Autonomous robotic boom
Nearly every autonomous mobile robot requires sophisticated imaging capabilities, from obstacle avoidance to visual simultaneous localization and mapping. In the next decade, the number of vision systems used by autonomous robots is expected to eclipse the number of systems used by fixed-base, robot arms.
A growing trend is the adoption of 3D vision technology, which can help robots perceive even more about their environment. From its roots in academic research labs, 3D imaging technology has made great strides as a result of advancements to sensors, lighting, and most importantly, embedded processing. Today 3D vision is emerging in a variety of applications, from vision-guided robotic bin picking to high-precision metrology and mobile robotics. The latest generation of processors can handle the immense data sets and sophisticated algorithms required to extract depth information and quickly make decisions.
Figure 3: Screen capture from video partially shows what Denso robots see when picking syringes using NI machine vision and NI LabVIEW.
Robotic stereo vision
Mobile robots use depth information to measure the size and distance of obstacles for accurate path planning and obstacle avoidance. Stereo vision systems can provide a rich set of 3D information for navigation applications and perform well even in changing light conditions. Stereo vision technology is the practice of using two or more cameras offset from one another while looking at the same object. By comparing the two images, the disparity and depth information can be calculated, providing accurate 3D information.
While the increased performance of embedded processors has enabled algorithms for uses such as 3D vision with robotics, there still remains a range of applications untapped that require additional performance. For example, in the medical industry, robotic surgery and laser control systems are becoming tightly integrated with image guidance technology. For these types of high-performance vision applications, field programmable gate arrays (FPGAs) manage the image preprocessing or use the image information as feedback in a high-speed control application.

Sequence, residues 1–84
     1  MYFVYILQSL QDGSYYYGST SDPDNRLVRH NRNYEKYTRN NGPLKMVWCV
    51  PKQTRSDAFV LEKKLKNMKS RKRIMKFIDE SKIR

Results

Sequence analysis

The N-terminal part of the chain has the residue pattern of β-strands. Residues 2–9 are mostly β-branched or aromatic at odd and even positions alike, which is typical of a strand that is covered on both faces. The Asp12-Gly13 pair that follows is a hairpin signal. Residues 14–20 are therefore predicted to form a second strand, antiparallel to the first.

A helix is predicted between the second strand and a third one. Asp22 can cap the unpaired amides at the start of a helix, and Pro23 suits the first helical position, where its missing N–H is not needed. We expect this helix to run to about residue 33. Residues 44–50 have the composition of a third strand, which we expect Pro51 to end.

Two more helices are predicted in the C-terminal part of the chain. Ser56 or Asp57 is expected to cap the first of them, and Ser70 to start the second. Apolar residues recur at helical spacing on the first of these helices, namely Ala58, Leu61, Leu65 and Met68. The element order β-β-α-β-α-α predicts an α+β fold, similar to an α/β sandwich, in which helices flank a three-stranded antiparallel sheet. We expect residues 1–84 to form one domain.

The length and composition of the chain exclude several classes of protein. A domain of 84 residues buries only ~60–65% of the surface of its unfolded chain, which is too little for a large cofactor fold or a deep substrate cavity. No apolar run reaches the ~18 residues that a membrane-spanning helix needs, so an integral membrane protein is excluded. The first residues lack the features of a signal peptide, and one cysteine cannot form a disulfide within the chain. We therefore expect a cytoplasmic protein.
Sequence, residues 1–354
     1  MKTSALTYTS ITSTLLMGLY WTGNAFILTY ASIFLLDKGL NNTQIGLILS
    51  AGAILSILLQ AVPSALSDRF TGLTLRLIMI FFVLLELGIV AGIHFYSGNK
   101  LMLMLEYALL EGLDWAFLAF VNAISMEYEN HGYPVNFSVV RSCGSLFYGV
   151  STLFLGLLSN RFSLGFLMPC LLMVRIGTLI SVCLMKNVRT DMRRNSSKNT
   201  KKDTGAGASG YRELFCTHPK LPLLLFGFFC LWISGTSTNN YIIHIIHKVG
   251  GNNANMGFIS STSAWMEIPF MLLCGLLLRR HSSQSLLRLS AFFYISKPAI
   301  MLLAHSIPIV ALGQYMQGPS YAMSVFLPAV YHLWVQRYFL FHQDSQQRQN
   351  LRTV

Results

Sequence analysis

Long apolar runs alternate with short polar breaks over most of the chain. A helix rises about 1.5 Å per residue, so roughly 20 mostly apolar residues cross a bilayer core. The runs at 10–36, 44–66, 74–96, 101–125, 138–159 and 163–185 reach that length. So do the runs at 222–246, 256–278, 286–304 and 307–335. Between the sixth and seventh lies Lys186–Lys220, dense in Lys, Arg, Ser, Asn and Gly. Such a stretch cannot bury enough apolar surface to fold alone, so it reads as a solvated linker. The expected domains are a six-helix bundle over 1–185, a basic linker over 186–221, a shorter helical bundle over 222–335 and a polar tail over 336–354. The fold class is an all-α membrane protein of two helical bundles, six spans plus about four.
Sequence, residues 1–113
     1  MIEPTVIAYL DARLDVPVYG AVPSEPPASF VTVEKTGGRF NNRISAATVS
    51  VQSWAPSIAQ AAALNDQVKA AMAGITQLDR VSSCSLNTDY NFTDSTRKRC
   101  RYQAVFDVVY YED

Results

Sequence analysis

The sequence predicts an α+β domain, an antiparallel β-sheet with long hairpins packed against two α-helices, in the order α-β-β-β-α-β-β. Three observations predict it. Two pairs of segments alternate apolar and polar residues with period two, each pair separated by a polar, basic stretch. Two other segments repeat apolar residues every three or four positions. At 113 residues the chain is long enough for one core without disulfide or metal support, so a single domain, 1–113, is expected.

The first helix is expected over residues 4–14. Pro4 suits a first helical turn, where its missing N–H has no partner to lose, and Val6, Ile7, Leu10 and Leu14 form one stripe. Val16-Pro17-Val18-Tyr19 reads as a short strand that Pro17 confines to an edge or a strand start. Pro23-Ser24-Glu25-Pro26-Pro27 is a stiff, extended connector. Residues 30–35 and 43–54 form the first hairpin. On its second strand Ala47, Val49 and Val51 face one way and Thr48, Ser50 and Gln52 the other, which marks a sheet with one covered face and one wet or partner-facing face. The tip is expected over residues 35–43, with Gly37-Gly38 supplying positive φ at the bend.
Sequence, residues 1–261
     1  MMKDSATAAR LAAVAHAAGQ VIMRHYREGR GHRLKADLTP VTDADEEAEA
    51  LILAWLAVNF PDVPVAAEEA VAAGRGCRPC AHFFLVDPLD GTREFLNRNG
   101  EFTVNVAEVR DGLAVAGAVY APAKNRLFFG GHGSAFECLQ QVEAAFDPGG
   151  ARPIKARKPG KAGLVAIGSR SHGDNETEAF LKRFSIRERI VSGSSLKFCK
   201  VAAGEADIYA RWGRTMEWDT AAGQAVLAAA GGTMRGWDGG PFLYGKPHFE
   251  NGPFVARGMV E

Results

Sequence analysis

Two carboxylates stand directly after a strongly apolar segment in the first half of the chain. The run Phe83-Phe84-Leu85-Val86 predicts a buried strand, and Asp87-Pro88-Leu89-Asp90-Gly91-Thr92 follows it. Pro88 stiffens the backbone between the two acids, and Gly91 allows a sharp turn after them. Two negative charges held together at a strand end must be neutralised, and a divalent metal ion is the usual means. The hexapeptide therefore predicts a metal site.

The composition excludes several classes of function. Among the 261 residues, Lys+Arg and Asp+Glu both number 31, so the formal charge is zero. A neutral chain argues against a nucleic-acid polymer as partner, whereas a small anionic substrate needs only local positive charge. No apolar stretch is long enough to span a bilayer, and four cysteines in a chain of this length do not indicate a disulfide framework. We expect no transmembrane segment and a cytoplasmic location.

FPGAs are well suited for highly deterministic and parallel image processing algorithms in addition to tightly synchronizing the processing results with a motion or robotic system. This technology is put to practice, for example, during laser eye surgeries where slight movements in the patient’s eyes are detected by the camera and used as feedback to auto-focus the system at a high rate. Additionally, FPGAs can support applications such as surveillance and automotive by performing high-speed feature tracking and particle analysis.
Due to rapidly advancing technologies in processing, software, and imaging hardware, cameras are everywhere. Machines and robots in the industrial and consumer industries are becoming increasingly intelligent with the integration of vision technology. The accelerated adoption of vision capabilities into numerous devices also means that many system designers are working with image processing and embedded vision technologies for the first time, which can be a daunting task.
Valuable resources are available to system designers and others simply interested in vision technology. The Embedded Vision Alliance is one such resource, which is a partnership of leading technology suppliers with expertise in embedded vision technology. The Alliance is available to empower system designers to incorporate embedded vision technology into their designs through a collection of complimentary resources, including technical articles, discussion forums, online seminars, and face-to-face events.
Carlton Heard is National Instruments vision hardware and software product manager.